Delta miles really are among the least valuable of any airline currency, certainly any major North American airline currency.
My feelings about Delta are well-known, I’m the guy who coined the term ‘Skypesos.’ At one point I was told that Delta was ‘building a dossier’ on me.
Still, sometimes Delta miles are exceptionally easy to earn, and that can make them attractive (if you can earn twice as many miles per dollar with Delta, it doesn’t matter all that much that it costs twice as many miles to redeem).
Sadly there haven’t been any American Express Membership Rewards transfer bonuses to Delta this year, 40% – 67% were common in recent times.
In response to a suggestion by the Delta Points Blog that it made sense to credit Rewards Network dining miles to the Delta Skymiles program, I offered this comment:
So I get folks who live in Delta hubs and fly enough to earn status, that the inflight experience/upgrades is more important than redemption or at least important enough that it’s worth the workarounds for redemption (or redemption is aimed primarily at, say, Australia and French Polynesia).
I get crediting miles to Skymiles to earn status. Or even to top off a Skymiles account, once you’re crediting miles to Skymiles for status purposes anyway, in order to reach a balance sufficient for a particular award.
What I have a harder time with is willy nilly collecting Skymiles for non-flight activities when those activities aren’t contributing towards status and would earn just as many points in another program like United MileagePlus, American AAdvantage, or Greyhound Road Rewards.
Seems to me that it makes the most sense to credit Delta flights to a Delta account to earn status, enjoy the benefits of that status, and accrue non-flight activity to a different program in order to build up miles elsewhere for redemption.
For folks flying Delta who won’t be earning elite status with them, I recommend crediting those flight miles to Alaska Airlines Mileage Plan. Mileage Plan miles are more valuable, and the ability to credit miles from both Delta and American flying there means it’s easy for the infrequent flyer to accumulate miles towards rewards.
Delta stopped allowing accounts to be tracked via Award Wallet. They recently made some changes to their award redemption chart with no notice whatsoever, and then disrespected members with the bogus excuse that to have done otherwise would have been illegal. (Of course they didn’t even bother publishing an award chart for flights that don’t involve North America until February 2011.)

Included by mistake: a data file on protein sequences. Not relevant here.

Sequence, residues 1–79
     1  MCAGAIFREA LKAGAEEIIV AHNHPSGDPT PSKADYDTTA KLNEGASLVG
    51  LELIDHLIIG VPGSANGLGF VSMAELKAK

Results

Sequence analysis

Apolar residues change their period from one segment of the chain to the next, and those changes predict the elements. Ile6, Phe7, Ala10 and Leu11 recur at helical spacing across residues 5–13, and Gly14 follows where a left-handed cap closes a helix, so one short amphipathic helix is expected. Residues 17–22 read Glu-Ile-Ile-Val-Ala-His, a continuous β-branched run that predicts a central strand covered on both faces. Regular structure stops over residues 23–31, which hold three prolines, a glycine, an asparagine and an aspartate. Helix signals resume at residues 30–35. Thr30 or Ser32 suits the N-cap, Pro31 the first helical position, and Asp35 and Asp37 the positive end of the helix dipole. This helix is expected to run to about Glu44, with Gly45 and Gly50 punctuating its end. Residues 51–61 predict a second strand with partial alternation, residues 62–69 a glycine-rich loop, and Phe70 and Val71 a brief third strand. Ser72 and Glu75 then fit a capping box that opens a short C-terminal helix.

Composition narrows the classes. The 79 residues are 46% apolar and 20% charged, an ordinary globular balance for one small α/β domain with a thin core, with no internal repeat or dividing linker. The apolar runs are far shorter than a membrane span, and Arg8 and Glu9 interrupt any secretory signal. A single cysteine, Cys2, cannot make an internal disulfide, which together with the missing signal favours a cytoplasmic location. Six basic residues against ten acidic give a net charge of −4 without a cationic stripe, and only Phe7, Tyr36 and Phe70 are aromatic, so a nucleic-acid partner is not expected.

I still expect Delta to convert Skymiles to a revenue-based program, but despite their willingness to make changes with no notice at all, now that we’re in September already I do not expect them to implement the changes for 2013.
Personally I’d be burning rather than accumulating Skypesos in most instances, here’s my guide from last year to help you do that.
Delta’s miles remain the best for travel to Australia (due to their partnership with Virgin Australia which offers good business class availability and is bookable on the Delta website) and to French Polynesia (since they partner with Air Tahiti Nui and Air France, both of which fly Los Angeles – Papeete). Those are among the two toughest awards there are.
Skyteam member China Southern’s Los Angeles – Guangzhou flight is a great way to get to Asia with their new business class on the Airbus A380, and even from Guangzhou on to Sydney.
And availability on Saudia is out of this world good. It’s an antiquated business class product, they only fly from DC and New York as US gateways. There’s no transit visa required if connecting for less than 18 hours (don’t expect to leave the airport). You can get to Central Asia fairly easily this way.
So there are clearly strategic uses, the classic being Air France business class as well (which also offers an antiquated product) though on the whole availability isn’t as good as it was six months ago.
All in all, Delta miles have uses. They’re just less useful than most other currencies for most purposes. Go ahead and accumulate with Delta if you are hub-captive and going to make elite status. And even credit miles from non-flight activities to top off a Delta account, or when the offer is much better than that available with other programs. But on the whole, when offers are even close to similar, I’d recommend accumulating miles in other programs before accumulating with Delta.